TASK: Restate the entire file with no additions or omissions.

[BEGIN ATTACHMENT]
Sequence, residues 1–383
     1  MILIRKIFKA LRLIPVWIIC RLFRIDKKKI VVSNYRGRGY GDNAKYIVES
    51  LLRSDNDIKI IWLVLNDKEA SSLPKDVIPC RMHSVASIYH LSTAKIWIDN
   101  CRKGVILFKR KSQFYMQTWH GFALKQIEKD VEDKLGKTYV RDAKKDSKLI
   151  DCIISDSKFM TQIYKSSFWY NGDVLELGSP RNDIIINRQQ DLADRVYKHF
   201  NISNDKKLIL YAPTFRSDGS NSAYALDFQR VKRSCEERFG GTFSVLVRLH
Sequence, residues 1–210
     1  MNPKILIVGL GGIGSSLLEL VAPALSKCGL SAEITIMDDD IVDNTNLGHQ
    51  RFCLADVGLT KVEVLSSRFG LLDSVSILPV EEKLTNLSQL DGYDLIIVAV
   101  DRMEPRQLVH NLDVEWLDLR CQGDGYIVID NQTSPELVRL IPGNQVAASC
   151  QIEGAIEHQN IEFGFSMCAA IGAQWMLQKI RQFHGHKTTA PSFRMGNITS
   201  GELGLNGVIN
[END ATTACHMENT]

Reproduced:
Sequence, residues 1–383
     1  MILIRKIFKA LRLIPVWIIC RLFRIDKKKI VVSNYRGRGY GDNAKYIVES
    51  LLRSDNDIKI IWLVLNDKEA SSLPKDVIPC RMHSVASIYH LSTAKIWIDN
   101  CRKGVILFKR KSQFYMQTWH GFALKQIEKD VEDKLGKTYV RDAKKDSKLI
   151  DCIISDSKFM TQIYKSSFWY NGDVLELGSP RNDIIINRQQ DLADRVYKHF
   201  NISNDKKLIL YAPTFRSDGS NSAYALDFQR VKRSCEERFG GTFSVLVRLH
Sequence, residues 1–210
     1  MNPKILIVGL GGIGSSLLEL VAPALSKCGL SAEITIMDDD IVDNTNLGHQ
    51  RFCLADVGLT KVEVLSSRFG LLDSVSILPV EEKLTNLSQL DGYDLIIVAV
   101  DRMEPRQLVH NLDVEWLDLR CQGDGYIVID NQTSPELVRL IPGNQVAASC
   151  QIEGAIEHQN IEFGFSMCAA IGAQWMLQKI RQFHGHKTTA PSFRMGNITS
   201  GELGLNGVIN